Canadians Credit Participation Reaches a Record High: TransUnion
Coming as no surprise to many, given the challenging state of our economy, more Canadian consumers are turning to credit.
Today, TransUnion released the findings of its Canada Q3 2022 Credit Industry Insights Report (CIIR), which shows that credit participation reached a record high. During the third quarter of the year, 27.9M Canadians having active credit products with a total outstanding balance of $2.29T. This marks a year-over-year (YoY) increase of 7.9%, on a three-year compound annual growth rate of +6.4%.
As part of the report, TransUnion maps consumer credit market health with its Credit Industry Indicator (CII), which rose 3.5 points YoY to 105.6 in September 2022, staying relatively steady following the Q2 2022 score of 103.8, after reaching a high of 110.8 in April this year.
“Rising CII levels generally indicate an improvement in the overall activity and health of the consumer credit market, which in the most recent quarter was primarily propelled by the strong credit activity due to balance growth and continued higher spend levels,” said Matt Fabian, director of financial services research and consulting at TransUnion in Canada. “Credit performance remains relatively healthy compared to pre-pandemic levels, although the CII was offset somewhat by slowing credit demand in a high interest rate environment, with lenders also being more cautious in anticipation of continued macroeconomic headwinds.”
Also not surprising, the growth in the number of consumers carrying a balance was the highest among subprime consumers — those with higher risk of default — with the number of consumers in this segment growing by 7.2% YoY in Q3, although their share of balances remained relatively low compared to other consumer segments. The report highlights how this marks a re-engagement with credit among these consumers after a decline during the pandemic, something that was likely led by the effects of inflation, along with lenders increasing their participation in the subprime consumer space.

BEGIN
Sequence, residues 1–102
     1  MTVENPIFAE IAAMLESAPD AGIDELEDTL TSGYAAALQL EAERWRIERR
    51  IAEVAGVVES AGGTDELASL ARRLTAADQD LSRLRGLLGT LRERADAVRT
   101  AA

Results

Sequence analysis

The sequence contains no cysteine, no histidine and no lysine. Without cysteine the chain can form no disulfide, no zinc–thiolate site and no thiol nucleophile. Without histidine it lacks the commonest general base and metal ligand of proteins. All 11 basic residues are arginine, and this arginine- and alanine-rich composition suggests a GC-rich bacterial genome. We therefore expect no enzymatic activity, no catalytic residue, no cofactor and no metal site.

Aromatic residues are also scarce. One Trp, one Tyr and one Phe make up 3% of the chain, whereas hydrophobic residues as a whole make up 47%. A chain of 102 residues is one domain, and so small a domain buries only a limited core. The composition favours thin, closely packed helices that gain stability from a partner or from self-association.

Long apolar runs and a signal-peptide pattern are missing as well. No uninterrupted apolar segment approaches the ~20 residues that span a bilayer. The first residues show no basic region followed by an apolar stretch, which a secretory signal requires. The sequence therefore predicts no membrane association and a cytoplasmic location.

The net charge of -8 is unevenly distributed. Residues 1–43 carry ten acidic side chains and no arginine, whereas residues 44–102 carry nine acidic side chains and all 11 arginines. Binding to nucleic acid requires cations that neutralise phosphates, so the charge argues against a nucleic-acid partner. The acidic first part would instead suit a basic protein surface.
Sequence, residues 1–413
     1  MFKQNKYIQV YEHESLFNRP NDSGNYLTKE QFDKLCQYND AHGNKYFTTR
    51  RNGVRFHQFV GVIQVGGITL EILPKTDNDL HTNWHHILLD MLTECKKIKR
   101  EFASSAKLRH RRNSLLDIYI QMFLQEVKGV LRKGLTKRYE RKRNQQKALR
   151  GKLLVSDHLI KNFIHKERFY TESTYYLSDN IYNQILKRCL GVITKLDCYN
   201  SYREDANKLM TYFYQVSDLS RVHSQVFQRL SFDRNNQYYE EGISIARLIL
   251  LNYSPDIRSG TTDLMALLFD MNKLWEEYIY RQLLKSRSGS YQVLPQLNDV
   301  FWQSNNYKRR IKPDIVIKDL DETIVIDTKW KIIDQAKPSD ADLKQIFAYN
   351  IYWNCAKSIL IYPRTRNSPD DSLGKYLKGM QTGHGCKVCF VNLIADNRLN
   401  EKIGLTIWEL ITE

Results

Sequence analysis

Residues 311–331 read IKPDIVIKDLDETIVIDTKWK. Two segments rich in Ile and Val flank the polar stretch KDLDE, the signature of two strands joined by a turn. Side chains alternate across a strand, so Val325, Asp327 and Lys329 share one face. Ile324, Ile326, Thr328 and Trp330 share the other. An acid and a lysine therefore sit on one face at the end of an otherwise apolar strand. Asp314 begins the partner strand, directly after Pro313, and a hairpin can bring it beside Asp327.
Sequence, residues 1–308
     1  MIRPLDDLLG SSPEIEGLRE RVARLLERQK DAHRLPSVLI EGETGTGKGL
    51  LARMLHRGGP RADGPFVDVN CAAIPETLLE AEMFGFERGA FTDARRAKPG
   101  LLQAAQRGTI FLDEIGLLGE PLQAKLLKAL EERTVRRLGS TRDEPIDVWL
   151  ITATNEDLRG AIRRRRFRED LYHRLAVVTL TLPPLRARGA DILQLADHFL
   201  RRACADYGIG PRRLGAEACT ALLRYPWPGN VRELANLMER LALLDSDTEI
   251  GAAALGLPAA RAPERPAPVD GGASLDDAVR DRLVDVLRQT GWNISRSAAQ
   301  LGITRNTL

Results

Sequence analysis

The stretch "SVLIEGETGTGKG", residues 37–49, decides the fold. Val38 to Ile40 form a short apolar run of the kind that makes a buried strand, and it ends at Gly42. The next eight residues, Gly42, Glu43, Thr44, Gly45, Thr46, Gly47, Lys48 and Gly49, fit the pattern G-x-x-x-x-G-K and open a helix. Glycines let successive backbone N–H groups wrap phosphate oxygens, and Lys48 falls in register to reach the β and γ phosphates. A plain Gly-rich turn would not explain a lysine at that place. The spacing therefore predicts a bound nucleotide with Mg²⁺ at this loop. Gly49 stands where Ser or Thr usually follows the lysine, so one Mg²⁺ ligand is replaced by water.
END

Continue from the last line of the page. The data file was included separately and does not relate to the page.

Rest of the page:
Meanwhile, credit participation increased mostly amongst those in Generation Z (born between 1995 and 2010) with a YoY increase of 20.9% as more Gen Z consumers entered the credit market and this cohort expanded the use of different products. Credit participation increased 3.6% YoY among Millennials (born between 1981 and 1994), whose non-mortgage balances grew the fastest at 13.3% YoY. Credit participation among Baby Boomers (born between 1946 and 1964) and the Silent Generation (born between 1928 and 1945) declined by -1.0% and -6.6%, respectively.
Overall, non-mortgage debt increased by 2% YoY, driven by increased credit card and line of credit balances, says TransUnion. Sky-high inflation and a higher cost of living eroded both disposable income and the savings rate, leading to an increased reliance on credit for many Canadians. Growth in the minimum required payment was led by mortgages, as the average consumer’s monthly mortgage payment increased by 9.3%, driven by a combination of perpetual rate increases and relentlessly high home prices. Credit card minimum payments increased by 7.4% driven by increased utilization and balances. Auto loans increased by 2.6% as vehicle purchase prices also continued to increase.
“Inflationary pressure is likely contributing to higher spend levels relative to income as cost of living increases have eroded Canadians’ disposable income and savings rates,” Fabian said. “They are increasingly reliant on credit to bridge that gap. Additionally, an increasing interest rate environment continues to increase the cost of certain debt which puts additional pressure on some consumers.”